JD Powers feels the 'Cash for Clunkers' Program will not have a considerable impact on 2009 car sales. Although the program could 'theoretically' increase sales by as much as 500,000, they are predicting actual sales will be 'considerably lower.'
The press release cites limitations to the funding and duration of the program will keep the program from having a significant impact. They also feel the stipulations will be confusing to consumers.
In other words, they feel consumers won't know or won't understand which cars qualify and which won't. Add that to the short term duration and you have little time to educate the consumers.
"It remains to be seen if the passage of Cash for Clunkers program will be enough to draw consumers to showrooms and spark sales, but we remain skeptical," said Jeff Schuster, executive director of global forecasting at J.D. Power and Associates.While I agree with their sentiments, I would add in the lack of impact on fuel economy increases even if the program was taken full advantage of (500,000 new cars sold). Given the severe restrictions on fuel economy upgrades, there will be little impact on the US fuel economy.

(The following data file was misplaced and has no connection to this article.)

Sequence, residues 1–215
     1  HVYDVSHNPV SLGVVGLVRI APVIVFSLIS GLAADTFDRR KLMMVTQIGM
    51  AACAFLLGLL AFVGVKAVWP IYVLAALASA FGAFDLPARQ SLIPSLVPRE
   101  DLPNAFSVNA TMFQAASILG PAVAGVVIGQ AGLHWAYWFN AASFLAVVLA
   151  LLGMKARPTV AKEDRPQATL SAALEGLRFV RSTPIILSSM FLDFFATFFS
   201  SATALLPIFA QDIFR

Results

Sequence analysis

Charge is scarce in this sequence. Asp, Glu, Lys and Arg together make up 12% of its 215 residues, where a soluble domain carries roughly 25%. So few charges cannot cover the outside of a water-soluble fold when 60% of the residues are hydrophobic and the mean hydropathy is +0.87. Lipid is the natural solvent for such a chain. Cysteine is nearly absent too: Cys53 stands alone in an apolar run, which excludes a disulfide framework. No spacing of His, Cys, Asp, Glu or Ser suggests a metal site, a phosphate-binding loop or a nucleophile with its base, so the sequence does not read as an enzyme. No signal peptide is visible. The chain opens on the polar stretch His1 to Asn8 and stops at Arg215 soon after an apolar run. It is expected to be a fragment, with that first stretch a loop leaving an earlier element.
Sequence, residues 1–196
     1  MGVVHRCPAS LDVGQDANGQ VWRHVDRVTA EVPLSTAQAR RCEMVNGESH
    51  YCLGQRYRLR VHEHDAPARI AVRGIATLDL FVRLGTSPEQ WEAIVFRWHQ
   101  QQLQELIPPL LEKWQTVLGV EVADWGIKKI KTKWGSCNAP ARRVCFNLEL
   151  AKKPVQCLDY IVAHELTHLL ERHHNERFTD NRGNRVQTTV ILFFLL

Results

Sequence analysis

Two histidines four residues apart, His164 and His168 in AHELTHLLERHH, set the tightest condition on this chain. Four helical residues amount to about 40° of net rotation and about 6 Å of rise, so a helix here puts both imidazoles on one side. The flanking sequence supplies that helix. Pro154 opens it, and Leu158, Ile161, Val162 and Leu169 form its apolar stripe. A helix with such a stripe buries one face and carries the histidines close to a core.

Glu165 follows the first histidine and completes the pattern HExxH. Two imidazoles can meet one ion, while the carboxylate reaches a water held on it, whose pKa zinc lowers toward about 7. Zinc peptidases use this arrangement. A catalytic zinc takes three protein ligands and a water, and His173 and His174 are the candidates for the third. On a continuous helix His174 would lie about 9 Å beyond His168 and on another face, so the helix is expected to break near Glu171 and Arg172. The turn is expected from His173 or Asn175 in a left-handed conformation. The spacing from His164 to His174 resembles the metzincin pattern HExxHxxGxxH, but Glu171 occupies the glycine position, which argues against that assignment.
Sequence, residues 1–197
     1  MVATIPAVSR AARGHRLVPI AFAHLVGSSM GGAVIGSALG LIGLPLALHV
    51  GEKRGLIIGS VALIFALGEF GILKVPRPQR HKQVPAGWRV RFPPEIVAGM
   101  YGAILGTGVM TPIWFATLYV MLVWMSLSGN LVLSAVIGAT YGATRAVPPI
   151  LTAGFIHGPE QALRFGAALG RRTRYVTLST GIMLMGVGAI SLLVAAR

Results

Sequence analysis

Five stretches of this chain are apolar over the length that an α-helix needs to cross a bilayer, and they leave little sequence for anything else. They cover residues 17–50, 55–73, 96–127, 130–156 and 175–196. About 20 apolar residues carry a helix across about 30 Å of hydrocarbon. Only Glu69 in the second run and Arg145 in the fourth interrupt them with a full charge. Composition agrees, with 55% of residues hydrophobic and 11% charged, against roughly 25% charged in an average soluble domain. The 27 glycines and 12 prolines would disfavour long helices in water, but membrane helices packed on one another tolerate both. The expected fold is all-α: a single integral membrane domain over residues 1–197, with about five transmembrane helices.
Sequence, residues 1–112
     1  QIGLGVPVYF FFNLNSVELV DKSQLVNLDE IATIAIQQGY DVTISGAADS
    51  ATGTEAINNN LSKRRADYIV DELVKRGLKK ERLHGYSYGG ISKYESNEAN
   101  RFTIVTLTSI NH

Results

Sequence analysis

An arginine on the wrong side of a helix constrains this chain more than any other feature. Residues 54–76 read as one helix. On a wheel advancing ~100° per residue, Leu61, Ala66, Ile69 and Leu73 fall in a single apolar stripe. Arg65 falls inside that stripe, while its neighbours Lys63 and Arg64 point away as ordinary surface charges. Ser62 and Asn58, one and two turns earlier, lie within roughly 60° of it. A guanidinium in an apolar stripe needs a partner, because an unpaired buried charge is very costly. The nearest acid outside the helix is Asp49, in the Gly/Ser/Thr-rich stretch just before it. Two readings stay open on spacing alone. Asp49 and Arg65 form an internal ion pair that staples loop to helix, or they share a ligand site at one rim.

In fact, it's more likely to lead to longer term fuel efficiency issues. The vehicles most likely to be traded in under the program will be trucks and SUVs that are under the mpg limit and are worth less than the $4,500 voucher. Since a truck owner is most likely to buy a new truck (there's a reason they owned one, after all), and they only need to improve the fuel economy by 2 mpg, the long term impact is minimal. Add in the new rules setting up fuel economy increases over the next few years, and the trucks that are being sold today will fall way behind the trucks that have to be sold in the next few years.